President-elect Joe Biden’s pledge to halt construction is a start, but activists say tearing down the barrier is ultimately what’s needed.
When Lisa Manuel was a child, her mother would take her to Quitobaquito Springs, a rare oasis amid the giant cacti and rolling hills of southwest Arizona’s Sonoran Desert. For at least 10,000 years, the spring has been a vital source of water for wildlife and people, including the Tohono O’odham and Hia-Ced O’odham, whose ancestral territory spans the U.S.-Mexico border. “It’s been a part of my family all my life,” says Manuel, a descendant from the Hia-Ced O’odham. “It’s a beautiful place. It’s a sacred place. I sit there and I pray.”
For months Manuel and others have fought to defend this ancient haven, which they fear is being destroyed by construction of President Donald Trump’s signature border wall just 200 feet from a pond the spring feeds. Since August 2019, crews installing a 30-foot-high wall in Organ Pipe Cactus National Monument have blasted sacred sites near Quitobaquito and used up to 3 million gallons of groundwater per month to mix concrete.
The project is part of the administration’s ongoing effort to install at least 450 miles of new and replacement barrier along the 2,000-mile southern border before Trump leaves office, much of it on protected public lands. The result, according to Indigenous communities and environmental advocates, has been ecological and cultural destruction on a shocking scale. “This new construction has bulldozed a huge amount of desert habitat, blasted rugged mountains, destroyed cultural sites,” says Laiken Jordahl, a campaigner with the Center for Biological Diversity. “It’s absolutely devastating.”
At Arizona’s San Bernardino National Wildlife Refuge, for example, managers had to take “life support” measures in 2019 to save endangered fish whose only habitat was being sucked dry. In nearby Guadalupe Canyon, crews dynamited mountainsides to build a barrier through a critical corridor for jaguars and other rare species. And at Quitobaquito, the spring’s flow hit a record low in July, reducing much of the pond to mudflats and threatening wildlife, including the endangered Quitobaquito pupfish and Sonoyta mud turtle.
The National Park Service blames scant rainfall and cracks in the pond’s clay lining, but opponents say construction is hastening the spring’s decline. Birds at this desert stopover have also taken a hit: “As many as 40 species have been absent in the last year there as the additive effects of border wall construction, pumping, and dynamiting exacerbated other long-term stressors, like climate change, and pushed the ecosystem to the breaking point,” says ecologist Gary Nabhan.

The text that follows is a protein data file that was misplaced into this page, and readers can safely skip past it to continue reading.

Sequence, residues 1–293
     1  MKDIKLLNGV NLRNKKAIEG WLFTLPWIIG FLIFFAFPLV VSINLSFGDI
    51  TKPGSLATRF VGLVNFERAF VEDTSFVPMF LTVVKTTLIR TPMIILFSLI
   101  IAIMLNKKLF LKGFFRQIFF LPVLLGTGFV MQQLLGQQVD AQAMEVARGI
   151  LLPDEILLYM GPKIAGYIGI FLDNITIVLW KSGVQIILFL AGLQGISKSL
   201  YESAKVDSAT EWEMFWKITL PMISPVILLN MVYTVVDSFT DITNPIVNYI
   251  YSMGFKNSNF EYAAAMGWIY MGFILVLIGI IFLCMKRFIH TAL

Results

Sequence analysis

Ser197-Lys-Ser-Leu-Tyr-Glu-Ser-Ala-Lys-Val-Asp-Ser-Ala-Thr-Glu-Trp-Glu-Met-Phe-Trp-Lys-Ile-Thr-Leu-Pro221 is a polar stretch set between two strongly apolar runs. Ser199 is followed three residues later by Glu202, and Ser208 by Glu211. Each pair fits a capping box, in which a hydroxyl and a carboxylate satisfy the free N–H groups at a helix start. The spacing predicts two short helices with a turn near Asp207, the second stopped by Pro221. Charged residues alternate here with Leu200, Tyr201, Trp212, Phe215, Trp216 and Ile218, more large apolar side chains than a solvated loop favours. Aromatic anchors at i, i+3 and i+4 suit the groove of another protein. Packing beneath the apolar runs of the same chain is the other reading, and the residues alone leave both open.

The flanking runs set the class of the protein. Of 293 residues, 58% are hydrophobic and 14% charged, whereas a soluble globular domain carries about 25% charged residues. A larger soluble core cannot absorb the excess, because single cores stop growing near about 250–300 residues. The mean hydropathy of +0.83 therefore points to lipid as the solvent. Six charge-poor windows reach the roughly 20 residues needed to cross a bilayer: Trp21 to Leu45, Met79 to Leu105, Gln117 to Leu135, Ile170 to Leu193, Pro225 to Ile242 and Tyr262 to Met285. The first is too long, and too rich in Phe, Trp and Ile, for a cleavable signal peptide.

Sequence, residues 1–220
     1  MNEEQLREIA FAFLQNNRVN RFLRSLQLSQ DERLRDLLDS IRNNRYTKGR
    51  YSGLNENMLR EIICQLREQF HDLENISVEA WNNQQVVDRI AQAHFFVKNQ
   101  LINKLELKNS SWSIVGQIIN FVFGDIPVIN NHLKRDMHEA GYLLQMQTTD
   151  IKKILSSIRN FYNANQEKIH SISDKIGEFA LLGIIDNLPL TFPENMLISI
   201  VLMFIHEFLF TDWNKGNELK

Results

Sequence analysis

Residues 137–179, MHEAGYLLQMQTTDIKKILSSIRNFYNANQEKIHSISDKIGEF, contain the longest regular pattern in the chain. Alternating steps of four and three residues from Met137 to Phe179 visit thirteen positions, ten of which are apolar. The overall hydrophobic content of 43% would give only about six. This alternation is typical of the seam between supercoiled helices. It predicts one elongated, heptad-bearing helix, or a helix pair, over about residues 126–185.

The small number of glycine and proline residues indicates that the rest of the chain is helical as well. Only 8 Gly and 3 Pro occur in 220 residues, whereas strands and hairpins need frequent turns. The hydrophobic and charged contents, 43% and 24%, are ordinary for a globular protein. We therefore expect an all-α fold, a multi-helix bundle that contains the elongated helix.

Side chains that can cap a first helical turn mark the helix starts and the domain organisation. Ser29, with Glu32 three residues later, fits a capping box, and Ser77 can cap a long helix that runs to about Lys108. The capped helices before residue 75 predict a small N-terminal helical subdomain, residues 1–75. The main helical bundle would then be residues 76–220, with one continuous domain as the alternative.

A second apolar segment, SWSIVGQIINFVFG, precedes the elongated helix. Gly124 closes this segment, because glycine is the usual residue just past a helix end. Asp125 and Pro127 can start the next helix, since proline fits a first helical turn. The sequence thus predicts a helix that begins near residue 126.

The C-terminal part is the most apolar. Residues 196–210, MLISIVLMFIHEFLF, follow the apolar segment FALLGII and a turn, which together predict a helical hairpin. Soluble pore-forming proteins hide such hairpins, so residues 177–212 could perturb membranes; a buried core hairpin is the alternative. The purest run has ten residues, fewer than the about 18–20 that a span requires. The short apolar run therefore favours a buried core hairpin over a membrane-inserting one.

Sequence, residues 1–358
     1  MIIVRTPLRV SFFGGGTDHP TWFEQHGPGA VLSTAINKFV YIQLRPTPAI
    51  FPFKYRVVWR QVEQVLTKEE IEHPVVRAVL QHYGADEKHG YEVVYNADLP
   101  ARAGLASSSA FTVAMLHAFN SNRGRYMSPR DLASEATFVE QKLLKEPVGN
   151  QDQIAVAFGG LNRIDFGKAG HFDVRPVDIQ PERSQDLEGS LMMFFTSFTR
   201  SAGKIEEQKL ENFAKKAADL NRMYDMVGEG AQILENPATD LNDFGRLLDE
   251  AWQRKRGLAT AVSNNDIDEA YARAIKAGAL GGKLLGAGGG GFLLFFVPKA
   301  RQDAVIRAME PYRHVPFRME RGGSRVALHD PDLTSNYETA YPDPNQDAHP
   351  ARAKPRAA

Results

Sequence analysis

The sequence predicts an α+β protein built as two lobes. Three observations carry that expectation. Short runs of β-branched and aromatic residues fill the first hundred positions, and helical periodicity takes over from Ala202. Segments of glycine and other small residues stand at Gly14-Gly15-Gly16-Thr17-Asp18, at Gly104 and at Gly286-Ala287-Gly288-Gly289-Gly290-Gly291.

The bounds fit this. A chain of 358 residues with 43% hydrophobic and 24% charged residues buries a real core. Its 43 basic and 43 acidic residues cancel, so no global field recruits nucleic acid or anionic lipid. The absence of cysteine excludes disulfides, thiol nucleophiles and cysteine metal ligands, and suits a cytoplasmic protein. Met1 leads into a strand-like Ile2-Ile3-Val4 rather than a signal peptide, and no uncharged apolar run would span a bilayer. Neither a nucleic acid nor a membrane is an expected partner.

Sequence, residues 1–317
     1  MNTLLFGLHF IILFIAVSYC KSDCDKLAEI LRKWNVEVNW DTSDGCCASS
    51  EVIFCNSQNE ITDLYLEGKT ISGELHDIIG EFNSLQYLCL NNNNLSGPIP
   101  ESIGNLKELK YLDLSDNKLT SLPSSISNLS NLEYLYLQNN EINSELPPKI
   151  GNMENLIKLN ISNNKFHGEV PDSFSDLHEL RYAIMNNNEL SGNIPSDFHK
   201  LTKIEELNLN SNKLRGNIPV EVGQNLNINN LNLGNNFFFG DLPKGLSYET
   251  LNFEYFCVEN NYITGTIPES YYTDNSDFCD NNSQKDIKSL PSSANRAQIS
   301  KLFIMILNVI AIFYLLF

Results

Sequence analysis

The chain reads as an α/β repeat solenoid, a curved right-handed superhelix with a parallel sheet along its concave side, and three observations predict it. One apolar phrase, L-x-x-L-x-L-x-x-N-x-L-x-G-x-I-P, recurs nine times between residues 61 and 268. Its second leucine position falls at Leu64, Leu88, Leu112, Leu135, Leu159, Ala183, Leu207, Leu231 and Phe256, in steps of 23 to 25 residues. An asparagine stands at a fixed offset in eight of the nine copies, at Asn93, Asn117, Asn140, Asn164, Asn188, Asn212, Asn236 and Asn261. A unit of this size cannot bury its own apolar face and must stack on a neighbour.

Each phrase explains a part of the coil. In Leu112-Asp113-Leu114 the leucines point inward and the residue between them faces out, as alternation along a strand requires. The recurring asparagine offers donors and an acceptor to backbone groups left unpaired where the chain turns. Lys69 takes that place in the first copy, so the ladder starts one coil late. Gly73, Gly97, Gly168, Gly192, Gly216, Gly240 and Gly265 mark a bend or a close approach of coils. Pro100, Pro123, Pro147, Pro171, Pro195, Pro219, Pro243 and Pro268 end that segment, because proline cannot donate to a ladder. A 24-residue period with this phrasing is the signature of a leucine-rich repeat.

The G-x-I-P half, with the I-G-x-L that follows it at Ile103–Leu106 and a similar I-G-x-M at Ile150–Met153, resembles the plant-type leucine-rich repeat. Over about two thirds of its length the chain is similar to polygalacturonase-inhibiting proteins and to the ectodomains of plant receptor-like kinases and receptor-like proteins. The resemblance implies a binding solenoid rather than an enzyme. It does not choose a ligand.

In all, the government has waived 41 laws that protect public lands and endangered wildlife and would have delayed construction. By late October U.S. Customs and Border Protection had installed 371 miles across the four border states and was adding around two miles per day. President-elect Biden has said he’ll stop construction but has not committed to tearing down any sections.
The only source of fresh water for miles, the pond at Quitobaquito is an important rest stop for migratory animals and home to endangered species found nowhere else. Photo: Ash Ponders
While construction may cause the most acute harm, Jordahl and others caution that barriers will continue to affect the ecosystem as long as they stand. Fencing cuts off animals like ocelots and bighorn sheep from food and mates across the border. Ground-hugging birds like Ferruginous Pygmy-Owls, Greater Roadrunners, and Scaled Quail are unlikely to fly over the wall, experts say, while floodlights may disorient migrating species and disrupt pollinators.
To limit the damage, dozens of groups are suing the government over wall construction. One such case is on the U.S. Supreme Court docket. Regardless of its outcome, when Biden takes office in January, he’ll meet immediate demands to defund the wall and demolish the most damaging segments, says Vicki B. Gaubeca, director of the Southern Border Communities Coalition, which is among the groups suing over the wall. “There are contracts that the government has signed with these border wall construction companies,” she says. “So the question is: Will he terminate those contracts?”
Human-rights defenders, environmentalists, and those whose ancestors lived and died on the borderlands vow to keep fighting to preserve protected areas. Manuel is among the O’odham and other protesters who have rallied against the wall near Quitobaquito, where police arrested 11 people during an October demonstration on Indigenous Peoples’ Day. “We have been here since time immemorial,” she says. “And we will continue to be here.”
This story originally ran in the Winter 2020 issue as “Borderline Ruin.” To receive our print magazine, become a member by making a donation today.
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